- The second thing is the first customer is much more valuable than the ticket size that they will pay you. It’s important to choose a first customer that is excited to be a partner of yours, that’s excited by the vision that you have, that really wants to work with you on making that a reality. That is so much more important than how much money they will pay you.
- Our first customers still have the lowest pricing that we offer and how we got our first clients is an interesting story. We flew out to a conference in Barcelona, the biggest industry conference in our domain and we showed a demo of our product there that had, basically mostly a front end. The visuals looked good, but behind the scenes, we did almost everything manually. But that gave us an opportunity to have a conversation with potential clients and part of those conversations were with the Israeli delegation, and with some of the cities, specifically the city of Alot, who ended up becoming our first client ever and are still the best partner we could ask for; they were able to come there, see our vision, understand that this is a work in progress, and were excited to work with us on making this vision a reality and being the first ones to apply these concepts and make them work.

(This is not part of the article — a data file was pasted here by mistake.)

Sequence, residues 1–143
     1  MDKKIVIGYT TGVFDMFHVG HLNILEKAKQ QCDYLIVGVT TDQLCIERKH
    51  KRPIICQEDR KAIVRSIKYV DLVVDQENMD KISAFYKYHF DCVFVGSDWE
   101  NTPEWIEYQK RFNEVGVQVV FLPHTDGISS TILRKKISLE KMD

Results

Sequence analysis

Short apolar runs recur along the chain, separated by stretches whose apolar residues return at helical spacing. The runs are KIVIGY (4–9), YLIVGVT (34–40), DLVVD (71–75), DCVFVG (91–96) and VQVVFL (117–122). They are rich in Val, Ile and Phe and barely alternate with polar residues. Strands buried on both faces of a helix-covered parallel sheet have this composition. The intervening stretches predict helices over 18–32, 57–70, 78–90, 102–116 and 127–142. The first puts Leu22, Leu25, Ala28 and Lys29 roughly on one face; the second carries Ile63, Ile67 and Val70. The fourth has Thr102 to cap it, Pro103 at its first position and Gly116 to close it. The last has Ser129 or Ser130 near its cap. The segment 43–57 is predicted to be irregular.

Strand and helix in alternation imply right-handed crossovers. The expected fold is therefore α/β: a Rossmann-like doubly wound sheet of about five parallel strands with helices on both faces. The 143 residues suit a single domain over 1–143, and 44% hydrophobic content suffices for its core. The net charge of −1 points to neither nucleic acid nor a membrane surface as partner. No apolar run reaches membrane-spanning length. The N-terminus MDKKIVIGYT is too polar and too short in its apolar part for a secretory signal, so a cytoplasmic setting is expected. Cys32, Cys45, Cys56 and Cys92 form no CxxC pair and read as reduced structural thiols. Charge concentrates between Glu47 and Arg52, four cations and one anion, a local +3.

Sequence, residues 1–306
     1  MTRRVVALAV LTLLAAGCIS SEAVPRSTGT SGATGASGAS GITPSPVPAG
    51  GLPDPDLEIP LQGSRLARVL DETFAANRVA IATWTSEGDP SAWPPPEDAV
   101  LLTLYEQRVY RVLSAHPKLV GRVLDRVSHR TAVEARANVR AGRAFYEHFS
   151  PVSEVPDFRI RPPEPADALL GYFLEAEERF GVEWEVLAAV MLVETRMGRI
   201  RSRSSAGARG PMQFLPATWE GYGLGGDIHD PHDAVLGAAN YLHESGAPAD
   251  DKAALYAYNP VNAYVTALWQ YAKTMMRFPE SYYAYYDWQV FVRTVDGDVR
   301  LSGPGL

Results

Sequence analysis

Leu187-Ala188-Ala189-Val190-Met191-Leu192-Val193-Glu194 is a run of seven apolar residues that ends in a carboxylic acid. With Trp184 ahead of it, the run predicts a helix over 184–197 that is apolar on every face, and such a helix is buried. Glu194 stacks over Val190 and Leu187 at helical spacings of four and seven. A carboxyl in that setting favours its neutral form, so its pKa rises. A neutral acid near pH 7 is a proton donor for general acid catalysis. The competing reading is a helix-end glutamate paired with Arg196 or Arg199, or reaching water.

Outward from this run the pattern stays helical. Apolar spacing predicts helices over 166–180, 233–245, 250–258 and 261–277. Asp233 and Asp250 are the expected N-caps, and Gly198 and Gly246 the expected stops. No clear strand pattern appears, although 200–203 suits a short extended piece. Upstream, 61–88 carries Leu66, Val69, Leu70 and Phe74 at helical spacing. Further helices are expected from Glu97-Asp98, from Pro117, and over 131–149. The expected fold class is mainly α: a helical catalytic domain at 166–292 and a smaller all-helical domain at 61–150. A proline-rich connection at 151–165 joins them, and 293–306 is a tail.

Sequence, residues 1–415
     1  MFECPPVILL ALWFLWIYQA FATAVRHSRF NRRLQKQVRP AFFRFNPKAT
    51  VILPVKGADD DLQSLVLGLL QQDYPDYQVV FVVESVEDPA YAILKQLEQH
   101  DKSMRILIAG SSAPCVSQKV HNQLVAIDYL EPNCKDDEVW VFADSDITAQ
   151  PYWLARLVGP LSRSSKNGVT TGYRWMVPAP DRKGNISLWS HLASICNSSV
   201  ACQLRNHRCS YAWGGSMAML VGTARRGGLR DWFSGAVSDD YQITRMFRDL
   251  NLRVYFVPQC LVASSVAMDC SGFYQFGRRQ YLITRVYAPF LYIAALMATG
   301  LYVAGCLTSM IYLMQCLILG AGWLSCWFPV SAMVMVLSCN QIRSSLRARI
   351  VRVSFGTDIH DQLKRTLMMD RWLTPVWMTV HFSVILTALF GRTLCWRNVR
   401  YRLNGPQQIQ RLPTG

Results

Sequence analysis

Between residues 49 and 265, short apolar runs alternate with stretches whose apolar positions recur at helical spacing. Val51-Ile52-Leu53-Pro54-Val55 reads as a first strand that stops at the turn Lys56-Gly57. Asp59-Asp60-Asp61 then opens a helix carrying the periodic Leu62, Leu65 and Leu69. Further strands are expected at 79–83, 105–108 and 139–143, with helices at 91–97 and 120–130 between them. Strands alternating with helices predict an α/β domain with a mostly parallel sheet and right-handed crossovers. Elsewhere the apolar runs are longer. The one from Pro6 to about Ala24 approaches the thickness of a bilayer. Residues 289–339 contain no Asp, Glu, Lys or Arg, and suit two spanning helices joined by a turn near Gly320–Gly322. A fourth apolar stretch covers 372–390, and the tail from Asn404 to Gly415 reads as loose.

Eyal’s most recommended tool
- Honestly? A telephone. I think one thing that was really hard for me to accept as someone who is very digital in nature and really prefers email and chat over talking to a human, is that picking up the phone and calling someone is super effective, at least in our industry.
- Our conversation rate when we call someone is so much better than our rate via email, and that has become one of our most effective tools.